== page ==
AG Alzheimer – Details


Full list of publications as listed in PubMed

Main Research Interests

I. Role of Activin in Hippocampal Excitability and Plasticity, Anxiety-like Behavior, Depression, and Neuroprotection (group leader: Fang Zheng)

Activins belong to the transforming growth factor β (TGF β) superfamily and are now recognized as multifunctional regulatory proteins. Whereas we and others have firmly established a neuroprotective role of activin in acute brain injury, it remained unclear whether activin also influences the operation of neuronal circuits under physiological conditions. To elucidate the functions of activin in normal adult brain, S. Werner and her group at the Institute of Molecular Health Sciences (ETH Zurich) generated transgenic mice expressing a dominant-negative mutant of activin receptor IB (dnActRIB) under the control of the CaMKII-α promoter. The multiple effects of genetic disruption of activin receptor signaling on excitatory and inhibitory neurotransmission are summarized in the figure below. We are currently exploring how activin receptor signaling tunes cellular and network properties underlying cognitive functions and affective behavior.

Scheamtic of Activin's action on neuronal molecules

Selected publications:

    • Tretter YP, Hertel M, Munz B, ten Bruggencate G, Werner S and Alzheimer C: Induction of activin A is essential for the neuroprotective action of bFGF in vivo. Nature Med 6: 812-815, 2000.
    • Müller M, Zheng F, Werner S and Alzheimer C. Transgenic mice expressing dominant-negative activin receptor IB in forebrain neurons reveal novel functions of activin at glutamatergic synapses. J Biol Chem 281:29076-29084, 2006.
    • Zheng F, Adelsberger H, Müller MR, Fritschy J-M, Werner S and Alzheimer C: Activin tunes GABAergic neurotransmission and modulates anxiety-like behavior. Mol Psychiatry 14:332-346, 2009.
    • Krieglstein K, Zheng F, Unsicker K and Alzheimer C. More than being protective: functional roles for TGF-beta/activin signaling pathways at central synapses. Trends Neurosci 34: 421-429, 2011.
    • Link AS, Kurinna S, Havlicek S, Lehnert S, Reichel M, Kornhuber J, Winner B, Huth T, Zheng F, Werner S, Alzheimer C. Kdm6b and Pmepa1 as targets of bioelectrically and behaviorally induced activin A signaling. Mol Neurobiol 53:4210-4225, 2016.
    • Zheng F, Puppel A, Huber SE, Link AS, Eulenburg V, van Brederode JF, Müller CP and Alzheimer C. Activin controls ethanol potentiation of inhibitory synaptic transmission through GABAA receptors and concomitant behavioral sedation. Neuropsychopharmacol 41: 2023-2044, 2016.
    • Link AS, Zheng F and Alzheimer C. Activin signaling in the pathogenesis and therapy of neuropsychiatric diseases. Front Mol Neurosci 2016, doi: 10.3389/fnmol.2016.00032.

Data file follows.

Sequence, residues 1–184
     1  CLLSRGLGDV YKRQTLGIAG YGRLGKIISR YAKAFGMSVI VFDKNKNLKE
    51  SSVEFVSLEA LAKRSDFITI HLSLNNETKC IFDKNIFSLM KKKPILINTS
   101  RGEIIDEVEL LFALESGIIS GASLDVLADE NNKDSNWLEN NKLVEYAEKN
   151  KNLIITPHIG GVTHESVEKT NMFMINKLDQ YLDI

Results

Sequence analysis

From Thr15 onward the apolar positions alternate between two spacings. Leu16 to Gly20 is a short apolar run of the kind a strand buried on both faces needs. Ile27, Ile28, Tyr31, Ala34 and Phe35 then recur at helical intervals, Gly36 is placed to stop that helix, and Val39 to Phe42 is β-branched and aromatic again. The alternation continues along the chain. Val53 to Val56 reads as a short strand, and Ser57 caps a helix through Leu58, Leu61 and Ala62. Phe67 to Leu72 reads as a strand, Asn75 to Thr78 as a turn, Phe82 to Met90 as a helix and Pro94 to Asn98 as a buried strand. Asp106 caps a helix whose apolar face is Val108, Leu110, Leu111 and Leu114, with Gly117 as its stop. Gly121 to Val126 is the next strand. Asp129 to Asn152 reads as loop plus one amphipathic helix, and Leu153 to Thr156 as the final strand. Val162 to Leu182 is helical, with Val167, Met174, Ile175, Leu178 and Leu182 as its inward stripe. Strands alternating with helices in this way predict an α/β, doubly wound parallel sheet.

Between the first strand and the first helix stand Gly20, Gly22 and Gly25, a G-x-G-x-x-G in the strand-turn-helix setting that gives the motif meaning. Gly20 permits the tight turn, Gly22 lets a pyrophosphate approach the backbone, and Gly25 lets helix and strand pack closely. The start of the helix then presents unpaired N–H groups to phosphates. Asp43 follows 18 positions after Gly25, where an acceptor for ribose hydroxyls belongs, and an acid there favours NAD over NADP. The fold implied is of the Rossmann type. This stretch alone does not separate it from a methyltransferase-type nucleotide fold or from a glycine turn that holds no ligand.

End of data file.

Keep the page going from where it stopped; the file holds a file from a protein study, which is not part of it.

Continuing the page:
• Schmidt CC, Zheng F, Alzheimer C. Activin A regulates the excitability of hippocampal mossy cells. Hippocampus 32:401-410, 2022.
    • Zheng F, Valero-Aracama MJ, Schaefer N, Alzheimer C. Activin A reduces GIRK current to excite dentate gyrus granule cells. Front Cell Neuroscience,, 2022.
    • Dahlmanns M, Jana Katharina Dahlmanns JK, Maria Jesus Valero-Aracama MJ, Zheng F, Alzheimer Environmental enrichment recruits activin A to recalibrate neural activity in mouse hippocampus. Cerebral Cortex 33: 663-675, 2023.

II. Properties and Functions of Na+ and K+ Channels and their regulation by BACE1. Physiological functions of BACE1 (group leader: Tobias Huth)

Using brain slices, acutely isolated neurons and heterologous expression systems, we are investigating properties and functions of voltage-dependent Na+ and K+ currents. In particular, we are studying how these currents are modulated by the β-site APP cleaving enzyme 1 (BACE1). In the context of these studies, we aim at identifying physiological functions of BACE1 besides its crucial role in the amyloid cascade hypothesis of Alzheimer´s disease.

Schemazeichnung BACE

Selected publications:

    • Alzheimer C, Schwindt PC and Crill WE: Modal gating of Na+ channels as a mechanism of persistent Na+ current in pyramidal neurons from rat and cat neocortex. J Neurosci 13: 660-673, 1993
    • Lipowsky R, Gillessen T and Alzheimer C: Dendritic Na+ channels amplify EPSPs in hippocampal CA1 pyramidal cells. J Neurophysiol 76: 2181-2191, 1996.
    • Takigawa T and Alzheimer C: G protein-activated inwardly rectifying K+ (GIRK) currents in dendrites of rat neocortical pyramidal cells. J Physiol (Lond.) 517:385-390, 1999.
    • Huth T, Schmidt-Neuenfeldt K, Rittger A, Saftig P, Reiss K, Alzheimer C. Non-proteolytic effect of ß-site APP- cleaving enzyme 1 (BACE1) on sodium channel function. Neurobiol Dis 33: 282-289, 2009.